Mary Shelley and Lord Byron walk into a theater, and begin to text about the experimental performance they are seeing. Mary Shelley is a puppet, of course, as is Lord Byron. Byron takes out his cell phone and loudly texts Shelley some questions about it, which are projected on the upstage wall and two side screens. Byron famously chiseled graffiti onto ancient Greek monuments, so he probably would have been someone who texted during the performance. Shelley responds by explaining that the performance will take concept of “readymades” made famous by artists such as Marcel DuChamp, and extend them to the textual “readymades” that they argue are contained in classic texts. She goes on to say that the thesis of this work is that certain texts contained in Tennessee Williams’s plays can be assembled to create a story of Williams’s feelings about his lobotomized sister Rose. Shelley is a fast and concise texter, as this information is set out in a few texts before she moves on to describing the setting of the first play. In other words, the first few moments of Mabou Mines’s Glass Guignol: The Brother and Sister Play literally set the stage for the layered theatrical reality we are about to enter.
Upon entering the newly revamped space that now houses the Mabou Mines Theater, 122 CC, and heading to the second floor, I was immediately greeted by a haunting noise of symphonic metal. I looked down to see a man dressed in a white union suit, playing a cylindrical instrument comprised of various lengths of metal attached to the ends of a circular form, which he played with a bow. The effect reminded me a bit of Peter Brook’s famous production of Marat/Sade, as the man seemed to me to be a “patient.” Indeed, mental health concerns are integral to this play, which interrogates the representations of Williams’s sister Rose, who underwent a prefrontal lobotomy in 1943.
Most audiences and readers know Rose’s theatrical alter-ego, Laura from The Glass Menagerie, where perceived mental illness is instead transposed to the physical difference. Reflections of Laura can also be found among the violent plants in Catherine from Suddenly Last Summer, who is threatened with a lobotomy if she does not change her story about the facts surrounding the death of her cousin, Sebastian. In the hands of co-conceivers Lee Breuer and Maude Mitchell, who know their Williams, these two well-known plays are interwoven with some more obscure plays from the Williams canon to create a new story – or rather, illuminate a very old one.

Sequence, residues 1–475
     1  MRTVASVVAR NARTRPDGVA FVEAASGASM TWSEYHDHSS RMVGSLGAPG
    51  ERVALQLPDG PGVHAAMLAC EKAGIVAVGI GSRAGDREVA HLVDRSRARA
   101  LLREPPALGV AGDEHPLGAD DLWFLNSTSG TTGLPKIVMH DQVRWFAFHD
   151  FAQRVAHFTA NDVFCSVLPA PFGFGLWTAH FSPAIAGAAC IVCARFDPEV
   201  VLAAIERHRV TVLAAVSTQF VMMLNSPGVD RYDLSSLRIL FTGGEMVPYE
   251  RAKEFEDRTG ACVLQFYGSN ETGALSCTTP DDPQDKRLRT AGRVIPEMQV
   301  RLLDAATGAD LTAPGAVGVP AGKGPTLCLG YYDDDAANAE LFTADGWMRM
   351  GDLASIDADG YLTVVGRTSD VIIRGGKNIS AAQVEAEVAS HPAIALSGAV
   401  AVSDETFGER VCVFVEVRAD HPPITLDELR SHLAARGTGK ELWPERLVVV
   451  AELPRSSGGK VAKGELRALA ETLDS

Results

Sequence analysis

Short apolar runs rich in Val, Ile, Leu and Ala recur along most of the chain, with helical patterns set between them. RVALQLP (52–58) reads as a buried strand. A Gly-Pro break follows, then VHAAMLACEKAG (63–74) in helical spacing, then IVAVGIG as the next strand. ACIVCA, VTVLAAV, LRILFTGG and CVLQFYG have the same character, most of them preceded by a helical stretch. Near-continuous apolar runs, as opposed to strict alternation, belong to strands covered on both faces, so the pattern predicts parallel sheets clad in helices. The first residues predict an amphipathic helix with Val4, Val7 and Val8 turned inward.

After the framework introduced by the puppet-versions of Byron and Shelley (created by the legendary Basil Twist and Hanne Tierney, respectively) the brother and sister of Glass Guignol’s subtitle appear. They are none other than Felice and Clare, the sibling-actors from Williams’s The Two-Character Play, who are determined to perform a play, despite a missing set, the desertion of their company-members, and the questionable mental state of both characters. Greg Mehrten’s Brother appears in a costume straight out of a Moliere play, complete with powdered wig. He is soft-spoken and is ambivalent about performing the play that he has written for his sister and him to perform. At moments, he seems to have given up, and yet he always manages to find the strength to continue. He prepares us for Maude Mitchell’s Sister, who is trying to cut parts of the play, because she does not wish to perform in these (mental and societal) conditions.